Charles Krauthammer argues that FBI Director James Comey appears honest, but that his logic in not recommending an indictment for Hillary Clinton is flawed:
Right, so now there’s another potential investigation. I’m not sure it’s going to come out any differently than this one did.
I think Comey had a relatively good day. He looks like an honest guy, he didn’t look like he was hiding anything. But he couldn’t get over the logical problem. He laid out all the requirements, gross negligence, and then he says at the end that that requires criminal intent.
That’s nowhere in the statute. In fact, the statute says that you committed a felony either if it was intentional or if it was the result of gross negligence. Either-or; you don’t need intention.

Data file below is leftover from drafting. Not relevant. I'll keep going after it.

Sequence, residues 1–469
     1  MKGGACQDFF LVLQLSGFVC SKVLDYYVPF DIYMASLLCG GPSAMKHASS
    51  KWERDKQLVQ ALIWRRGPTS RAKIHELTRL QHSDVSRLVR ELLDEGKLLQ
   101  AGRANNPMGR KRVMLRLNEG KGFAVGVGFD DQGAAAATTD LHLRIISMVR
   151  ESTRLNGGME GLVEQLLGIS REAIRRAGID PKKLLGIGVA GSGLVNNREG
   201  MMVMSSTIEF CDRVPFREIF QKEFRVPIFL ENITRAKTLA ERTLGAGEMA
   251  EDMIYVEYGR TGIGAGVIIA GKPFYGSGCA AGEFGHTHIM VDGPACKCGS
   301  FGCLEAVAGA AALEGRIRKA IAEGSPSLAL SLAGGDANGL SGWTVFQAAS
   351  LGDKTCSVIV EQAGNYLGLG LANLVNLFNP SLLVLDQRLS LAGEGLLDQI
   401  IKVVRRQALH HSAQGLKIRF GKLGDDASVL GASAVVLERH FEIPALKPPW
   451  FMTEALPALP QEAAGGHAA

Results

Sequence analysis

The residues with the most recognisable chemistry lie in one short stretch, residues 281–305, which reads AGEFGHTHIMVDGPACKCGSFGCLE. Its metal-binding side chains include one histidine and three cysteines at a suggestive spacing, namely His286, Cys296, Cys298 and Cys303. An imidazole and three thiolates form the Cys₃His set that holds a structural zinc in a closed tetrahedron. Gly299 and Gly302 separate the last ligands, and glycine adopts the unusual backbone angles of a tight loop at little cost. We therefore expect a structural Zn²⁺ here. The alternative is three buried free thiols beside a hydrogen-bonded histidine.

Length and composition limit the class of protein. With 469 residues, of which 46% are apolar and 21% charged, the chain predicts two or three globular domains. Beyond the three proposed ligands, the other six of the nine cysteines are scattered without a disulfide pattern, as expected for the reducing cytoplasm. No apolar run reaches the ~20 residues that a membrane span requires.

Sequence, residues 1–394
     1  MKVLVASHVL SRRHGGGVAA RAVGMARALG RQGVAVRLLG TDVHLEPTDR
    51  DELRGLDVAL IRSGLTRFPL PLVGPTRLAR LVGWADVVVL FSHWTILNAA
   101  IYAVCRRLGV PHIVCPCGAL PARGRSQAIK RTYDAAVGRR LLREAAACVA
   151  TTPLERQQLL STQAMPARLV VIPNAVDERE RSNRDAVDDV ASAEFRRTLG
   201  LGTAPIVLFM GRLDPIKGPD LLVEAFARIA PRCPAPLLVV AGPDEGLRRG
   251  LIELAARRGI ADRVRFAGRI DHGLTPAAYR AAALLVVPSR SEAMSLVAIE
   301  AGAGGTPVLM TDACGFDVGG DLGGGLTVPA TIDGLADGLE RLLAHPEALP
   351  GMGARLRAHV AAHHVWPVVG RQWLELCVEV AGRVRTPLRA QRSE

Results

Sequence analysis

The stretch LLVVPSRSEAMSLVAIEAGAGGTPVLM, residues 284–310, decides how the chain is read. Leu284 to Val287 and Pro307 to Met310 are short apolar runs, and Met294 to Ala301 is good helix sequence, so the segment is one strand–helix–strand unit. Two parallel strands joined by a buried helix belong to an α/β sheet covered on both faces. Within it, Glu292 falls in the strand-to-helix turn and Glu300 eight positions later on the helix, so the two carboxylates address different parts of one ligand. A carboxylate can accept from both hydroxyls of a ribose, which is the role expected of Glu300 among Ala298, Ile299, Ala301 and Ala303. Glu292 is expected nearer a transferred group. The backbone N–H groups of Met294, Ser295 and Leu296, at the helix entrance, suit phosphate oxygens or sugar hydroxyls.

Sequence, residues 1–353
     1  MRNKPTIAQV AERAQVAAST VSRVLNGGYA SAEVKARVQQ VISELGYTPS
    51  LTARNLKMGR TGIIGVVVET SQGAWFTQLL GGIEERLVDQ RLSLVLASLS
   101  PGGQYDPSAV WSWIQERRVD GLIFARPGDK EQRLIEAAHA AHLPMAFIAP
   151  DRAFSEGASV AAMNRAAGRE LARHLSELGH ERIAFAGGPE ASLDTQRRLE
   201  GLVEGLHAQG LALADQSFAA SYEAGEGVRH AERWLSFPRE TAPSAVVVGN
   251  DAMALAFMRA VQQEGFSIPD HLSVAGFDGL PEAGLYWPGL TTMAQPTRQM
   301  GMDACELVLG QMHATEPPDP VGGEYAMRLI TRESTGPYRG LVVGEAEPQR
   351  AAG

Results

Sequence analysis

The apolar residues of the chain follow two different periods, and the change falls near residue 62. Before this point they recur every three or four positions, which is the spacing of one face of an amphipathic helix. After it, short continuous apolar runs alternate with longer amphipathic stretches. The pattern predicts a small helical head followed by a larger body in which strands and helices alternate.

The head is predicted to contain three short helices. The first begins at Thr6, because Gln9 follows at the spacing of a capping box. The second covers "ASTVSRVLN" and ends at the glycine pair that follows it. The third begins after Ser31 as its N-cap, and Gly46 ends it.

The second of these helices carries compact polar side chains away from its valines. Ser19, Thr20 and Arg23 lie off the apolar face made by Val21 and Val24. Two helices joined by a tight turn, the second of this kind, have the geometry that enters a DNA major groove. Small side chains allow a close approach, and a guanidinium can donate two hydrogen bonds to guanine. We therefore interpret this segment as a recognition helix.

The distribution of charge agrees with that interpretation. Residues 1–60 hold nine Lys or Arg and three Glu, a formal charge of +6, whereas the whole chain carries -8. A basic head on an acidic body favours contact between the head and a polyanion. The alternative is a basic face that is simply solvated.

He never got over that, and my interpretation is he was looking for a way to avoid indicting her.
That would’ve changed the course of American political history. She would’ve been out of the race. The entire campaign would’ve been upended.
And to me, it’s a bit like Chief Justice Roberts in deciding on Obamacare: He found the most tortured way to avoid overturning it, even though I think his analysis would have led to overturning it. Because he didn’t want to intrude into American history, overturning legislation so momentous. I think Comey did not want to be remembered as a guy who changed the course of American political history.